Tuesday, 17 May 2011


Zambia’s domestic suppliers should be encouraged to flourish, United Nations Development Programme (UNDP) country director Viola Morgan has said
Addressing the fifth African Conference of the International Institute for Peace through Tourism, Viola said the benefit of investment, both local and foreign should be retained or shared in the country through investment and job creation.
“Zambia’s domestic suppliers should be encouraged to flourish and if there are foreign investors, the benefits of the investment should also be retained or shared in the country through investments; job creation, be it small or medium and up scaling of enterprises.  An overall tourism entrepreneurial culture should be ingrained in advocacy campaigns and programmes for poverty reduction and wealth creation,” Viola said.
She said Zambia needed to be more competitive, especially taking into account the country’s main competitors in its niches: the Victoria Falls and biodiversity.
“With regards to the Victoria Falls the main competition is Zimbabwe.  On biodiversity, great competitors for international tourism in Sub-Saharan Africa in 2009 include Botswana (1.5 Million of tourist arrivals), Kenya (1.4 Million), South Africa (9.9 Million), Malawi (755,000) and Tanzania (714,000),” she said.
Viola observed that countries like Zambia, where tourism depends to a high degree on natural heritage and biodiversity, were highly vulnerable to the consequences of climate change.
“It is not difficult to imagine how increased climatic variability may exacerbate tourism volatility. For example: droughts that may affect tourists’ visits to the Victoria Falls. Changing climate and ‎weather patterns at ‎tourist - generating and- destination countries ‎can significantly affect the tourists’ travel ‎decisions,” she noted. “While the tourism sector is affected by climate change, it is also a significant contributor to climate change mainly through greenhouse gas (GHG) emissions ‎‎generated mostly through the transportation of tourists and their energy consumption at destination points.‎ ‎Some estimates have noted that the tourism sector contributes 5% to the global carbon dioxide emissions. Therefore, it is imperative for the sector to respond to climate change within the evolving national responses, thus progressively reducing its carbon footprint so as to grow in an environmentally sustainable manner.”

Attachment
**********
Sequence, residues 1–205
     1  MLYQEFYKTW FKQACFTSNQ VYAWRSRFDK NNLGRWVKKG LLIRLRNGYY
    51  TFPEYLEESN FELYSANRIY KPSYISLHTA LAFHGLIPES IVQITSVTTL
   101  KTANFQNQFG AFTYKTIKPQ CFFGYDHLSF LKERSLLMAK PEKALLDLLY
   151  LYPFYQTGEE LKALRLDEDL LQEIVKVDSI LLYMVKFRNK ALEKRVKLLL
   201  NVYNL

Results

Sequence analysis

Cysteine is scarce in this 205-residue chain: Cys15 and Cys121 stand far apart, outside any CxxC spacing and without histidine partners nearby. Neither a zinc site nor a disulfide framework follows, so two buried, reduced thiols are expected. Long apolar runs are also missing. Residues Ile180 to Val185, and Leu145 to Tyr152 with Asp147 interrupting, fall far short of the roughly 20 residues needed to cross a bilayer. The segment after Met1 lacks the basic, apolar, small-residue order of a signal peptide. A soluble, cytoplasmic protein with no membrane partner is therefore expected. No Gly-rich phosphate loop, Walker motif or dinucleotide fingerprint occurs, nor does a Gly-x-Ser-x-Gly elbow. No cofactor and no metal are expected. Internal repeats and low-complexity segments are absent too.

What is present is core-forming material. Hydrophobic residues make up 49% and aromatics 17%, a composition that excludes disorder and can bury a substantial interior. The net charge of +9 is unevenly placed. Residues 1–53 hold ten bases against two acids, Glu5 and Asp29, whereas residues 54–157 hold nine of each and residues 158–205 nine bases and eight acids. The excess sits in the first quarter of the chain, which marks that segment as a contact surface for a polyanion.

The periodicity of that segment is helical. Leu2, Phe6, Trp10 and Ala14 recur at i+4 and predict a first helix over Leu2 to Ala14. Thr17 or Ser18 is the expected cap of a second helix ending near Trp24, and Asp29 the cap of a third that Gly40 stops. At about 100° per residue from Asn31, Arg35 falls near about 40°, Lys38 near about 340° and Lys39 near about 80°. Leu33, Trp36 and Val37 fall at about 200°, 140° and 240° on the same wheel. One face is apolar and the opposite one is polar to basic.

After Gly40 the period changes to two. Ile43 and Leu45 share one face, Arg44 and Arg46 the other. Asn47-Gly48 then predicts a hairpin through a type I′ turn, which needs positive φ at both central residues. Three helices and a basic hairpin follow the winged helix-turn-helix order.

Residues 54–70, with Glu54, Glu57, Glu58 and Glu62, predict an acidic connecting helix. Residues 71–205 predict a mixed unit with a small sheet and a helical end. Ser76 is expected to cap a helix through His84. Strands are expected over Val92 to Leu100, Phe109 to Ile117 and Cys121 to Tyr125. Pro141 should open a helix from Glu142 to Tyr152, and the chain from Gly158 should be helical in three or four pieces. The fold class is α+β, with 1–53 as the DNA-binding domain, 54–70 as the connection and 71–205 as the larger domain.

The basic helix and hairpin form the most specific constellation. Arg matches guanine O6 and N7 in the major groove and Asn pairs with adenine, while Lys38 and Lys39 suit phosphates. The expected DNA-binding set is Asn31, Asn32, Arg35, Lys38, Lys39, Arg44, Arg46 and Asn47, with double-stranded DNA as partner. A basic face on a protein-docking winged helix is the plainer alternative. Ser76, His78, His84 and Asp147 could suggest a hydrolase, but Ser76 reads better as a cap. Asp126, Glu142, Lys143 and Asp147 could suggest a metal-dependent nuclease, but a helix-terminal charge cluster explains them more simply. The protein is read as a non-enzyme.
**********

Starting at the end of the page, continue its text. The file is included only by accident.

She further observed that Tourism was an industry characterized by high job mobility and that in itself creates increased vulnerability to HIV/AIDS infection.
“When such tourists have sex with prostitutes, hotel staff, and others in the local population, a bridge can be created for HIV to cross back and forth between the tourist's home country and the tourist destination,” Viola said.
The conference is taking place here at Lusaka's Intercontinental Hotel from 15-20 May 2011.

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